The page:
But the true utility of naval power extends far beyond amphibious operations and precision strikes against land targets. The United States is unique among the states of the world in being able to project a full array of overwhelming and sustainable military power over vast distances. It can do this because the Navy dominates the world’s great "commons," the sea. By doing so, American sea power can threaten the sanctuary of America’s enemies. As the contemporary British strategist Colin Gray has remarked, if the United States is to be a land power anywhere other than in North America, it must first be a sea power.

The fact is that most of America’s military power in distant theaters comes from the sea. To deliver the equipment and supplies not only for Marines, but also for the Army and theater land-based air power, requires command of the seas. Control of the sea commons makes the U.S. Navy the great "enabler" of sustained power projection.

Special-operations forces have come into their own. This point seems to be uncontroversial. The performance of SOF in Afghanistan and Iraq vindicates the judgment of Congress in the 1980s to establish a separate special-operations command with its own budget. Because of the nature of special-operations work, most Americans are not aware of their many accomplishments in the war. Suffice it to say they have been magnificent.

As noted above, some have suggested that SOF is the wave of the future for land forces. But SOF is already stretched thin as they attempt to meet today’s requirements. To do more would mean that SOF-force structure would have to be expanded. That would be counterproductive-special-operations forces must remain small to remain special.

Transformation is a valid goal, but it has its limits. The war in Iraq seems to contradict the view of the more extreme apostles of transformation, the ones who argued, for instance, that emerging technologies made conventional force structure and legacy systems obsolete. There is no question that the effectiveness and efficiency of U.S. forces have been enhanced by precision-strike weapons and networking, but the idea that technology can banish friction, chance, and uncertainty from war has been shown to be overly optimistic.

A transformed military is a valid objective, but the war in Iraq illustrates the limits of transformation. Before the war, many advocates of transformation, like the "military reformers" of the 1980s, were using the concept as a rationale for cutting the size of the military below what is necessary to carry out its current functions. Others were using it as a way to reduce defense spending — the "cheap hawk" syndrome. Still others were using the systems called for by transformation to kill existing programs, just as some members of Congress tried to use the promise of the B-2 to kill the B-1.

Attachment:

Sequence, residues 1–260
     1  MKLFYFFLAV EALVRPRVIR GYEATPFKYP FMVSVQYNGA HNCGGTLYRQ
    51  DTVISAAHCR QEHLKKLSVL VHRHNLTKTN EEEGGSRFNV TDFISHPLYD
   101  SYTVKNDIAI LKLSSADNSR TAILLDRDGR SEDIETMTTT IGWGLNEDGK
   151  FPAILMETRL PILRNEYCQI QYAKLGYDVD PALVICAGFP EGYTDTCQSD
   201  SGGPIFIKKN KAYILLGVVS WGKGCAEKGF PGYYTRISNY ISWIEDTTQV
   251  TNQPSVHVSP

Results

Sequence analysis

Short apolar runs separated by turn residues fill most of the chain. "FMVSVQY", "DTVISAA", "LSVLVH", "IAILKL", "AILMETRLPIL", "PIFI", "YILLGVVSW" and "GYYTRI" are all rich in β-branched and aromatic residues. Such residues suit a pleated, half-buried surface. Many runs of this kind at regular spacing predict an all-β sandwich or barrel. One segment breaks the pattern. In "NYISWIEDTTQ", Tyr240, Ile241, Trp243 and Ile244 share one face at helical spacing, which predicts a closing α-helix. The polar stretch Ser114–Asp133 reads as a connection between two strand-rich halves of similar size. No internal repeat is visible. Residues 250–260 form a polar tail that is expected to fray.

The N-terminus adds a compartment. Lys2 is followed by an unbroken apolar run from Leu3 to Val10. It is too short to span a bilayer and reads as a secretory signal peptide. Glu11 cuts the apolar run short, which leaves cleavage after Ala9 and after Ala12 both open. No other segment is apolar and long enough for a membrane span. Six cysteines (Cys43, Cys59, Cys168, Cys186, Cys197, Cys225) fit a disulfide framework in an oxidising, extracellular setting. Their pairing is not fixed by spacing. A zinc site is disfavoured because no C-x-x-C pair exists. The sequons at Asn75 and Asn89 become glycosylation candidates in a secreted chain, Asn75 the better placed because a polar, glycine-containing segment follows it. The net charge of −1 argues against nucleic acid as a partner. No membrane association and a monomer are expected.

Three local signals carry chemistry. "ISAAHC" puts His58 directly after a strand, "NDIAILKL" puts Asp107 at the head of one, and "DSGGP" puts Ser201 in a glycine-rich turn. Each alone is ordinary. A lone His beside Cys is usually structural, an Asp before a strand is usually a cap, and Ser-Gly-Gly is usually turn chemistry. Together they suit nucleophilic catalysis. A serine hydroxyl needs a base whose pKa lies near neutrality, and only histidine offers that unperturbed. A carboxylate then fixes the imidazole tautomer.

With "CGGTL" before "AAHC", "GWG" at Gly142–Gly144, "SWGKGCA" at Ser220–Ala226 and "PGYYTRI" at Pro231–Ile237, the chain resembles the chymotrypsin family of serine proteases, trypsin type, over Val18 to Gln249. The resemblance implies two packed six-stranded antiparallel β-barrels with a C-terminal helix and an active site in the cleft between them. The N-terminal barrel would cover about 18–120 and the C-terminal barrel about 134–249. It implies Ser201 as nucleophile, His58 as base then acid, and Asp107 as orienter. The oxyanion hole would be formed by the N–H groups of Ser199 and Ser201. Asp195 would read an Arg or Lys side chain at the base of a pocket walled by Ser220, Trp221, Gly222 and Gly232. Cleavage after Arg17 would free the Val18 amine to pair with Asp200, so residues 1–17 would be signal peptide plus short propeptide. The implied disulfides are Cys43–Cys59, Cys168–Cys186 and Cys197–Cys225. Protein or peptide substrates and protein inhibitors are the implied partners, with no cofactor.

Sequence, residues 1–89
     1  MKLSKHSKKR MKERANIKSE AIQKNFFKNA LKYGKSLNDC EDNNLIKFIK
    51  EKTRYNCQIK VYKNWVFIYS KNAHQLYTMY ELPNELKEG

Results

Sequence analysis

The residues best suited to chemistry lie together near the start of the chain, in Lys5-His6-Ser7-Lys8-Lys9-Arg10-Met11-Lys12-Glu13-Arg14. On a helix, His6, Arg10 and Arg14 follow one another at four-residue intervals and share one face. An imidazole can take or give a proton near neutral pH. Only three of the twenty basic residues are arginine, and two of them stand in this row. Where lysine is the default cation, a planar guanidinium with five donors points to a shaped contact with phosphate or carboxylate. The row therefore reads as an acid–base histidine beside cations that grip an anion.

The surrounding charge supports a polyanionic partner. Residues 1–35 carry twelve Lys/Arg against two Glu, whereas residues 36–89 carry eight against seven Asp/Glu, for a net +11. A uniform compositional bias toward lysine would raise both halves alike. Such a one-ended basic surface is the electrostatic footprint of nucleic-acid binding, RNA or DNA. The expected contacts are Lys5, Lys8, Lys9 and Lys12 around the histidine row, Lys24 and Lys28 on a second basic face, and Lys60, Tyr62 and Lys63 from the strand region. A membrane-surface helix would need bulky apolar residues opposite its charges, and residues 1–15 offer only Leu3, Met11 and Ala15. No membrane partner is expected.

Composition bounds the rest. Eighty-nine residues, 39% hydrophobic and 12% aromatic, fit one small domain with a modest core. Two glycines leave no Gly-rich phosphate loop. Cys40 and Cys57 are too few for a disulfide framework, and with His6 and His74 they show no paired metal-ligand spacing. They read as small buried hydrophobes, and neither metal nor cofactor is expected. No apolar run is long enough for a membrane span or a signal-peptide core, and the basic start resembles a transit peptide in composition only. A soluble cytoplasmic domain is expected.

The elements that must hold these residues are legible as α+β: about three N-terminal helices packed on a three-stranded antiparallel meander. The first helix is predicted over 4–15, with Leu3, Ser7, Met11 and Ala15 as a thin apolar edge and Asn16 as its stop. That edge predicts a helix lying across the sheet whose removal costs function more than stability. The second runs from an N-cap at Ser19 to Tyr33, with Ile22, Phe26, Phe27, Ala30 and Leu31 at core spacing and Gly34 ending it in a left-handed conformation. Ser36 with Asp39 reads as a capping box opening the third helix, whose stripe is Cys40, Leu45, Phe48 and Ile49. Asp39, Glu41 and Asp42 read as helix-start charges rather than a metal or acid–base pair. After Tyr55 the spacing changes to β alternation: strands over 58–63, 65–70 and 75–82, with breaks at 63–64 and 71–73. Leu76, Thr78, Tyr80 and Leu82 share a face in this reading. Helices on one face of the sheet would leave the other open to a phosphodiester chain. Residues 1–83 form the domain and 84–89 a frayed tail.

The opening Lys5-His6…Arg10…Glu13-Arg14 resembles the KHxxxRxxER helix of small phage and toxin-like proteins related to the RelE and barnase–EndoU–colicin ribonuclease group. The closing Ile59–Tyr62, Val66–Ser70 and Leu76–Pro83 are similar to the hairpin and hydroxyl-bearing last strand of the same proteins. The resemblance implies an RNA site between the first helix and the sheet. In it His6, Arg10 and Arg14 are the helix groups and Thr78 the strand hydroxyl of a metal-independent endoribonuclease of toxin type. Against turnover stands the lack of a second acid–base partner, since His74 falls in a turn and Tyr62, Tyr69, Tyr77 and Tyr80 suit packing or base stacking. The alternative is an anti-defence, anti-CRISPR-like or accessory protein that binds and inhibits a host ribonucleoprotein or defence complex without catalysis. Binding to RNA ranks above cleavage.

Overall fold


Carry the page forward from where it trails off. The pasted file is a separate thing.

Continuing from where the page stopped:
The fact is that military transformation for the real world will not be cheap. It will require more spending on procurement of weapons, not less. The reason for this flows from America’s geopolitical position: To secure its interests, the United States requires a balanced force that can be employed across the spectrum of conflict and prevail under diverse circumstances against adversaries employing a variety of strategies, including asymmetric strategies. These forces must be able not only to prevail in war, but also to reassure friends and allies, and generally to influence important actors in those parts of the world, especially Eurasia.

The U.S. military must be capable of operating jointly in all operational environments: land, sea, air, space, and across the electromagnetic spectrum, both now and in the future. Accordingly, while remaining of sufficient size and composition both to fight and win major theater wars and carry out constabulary operations in the present, this force structure must also be flexible enough to exploit new technologies, doctrine, organization, and operational concepts in order to maintain military preeminence in the future.

If the United States is to remain a global power, if it to be able to deter or defeat enemies while reassuring friends and allies, it cannot afford to reduce force structure or gut land and naval forces. The use of "transformation" as an excuse for failing to match military investment to the goals of U.S. foreign policy is a recipe for disaster.

Mackubin Thomas Owens is professor of strategy and force planning at the Naval War College in Newport, RI, and an adjunct fellow of the Ashbrook Center. The views expressed here are his own and do not reflect the position of the War College, Navy Department, or Department of Defense.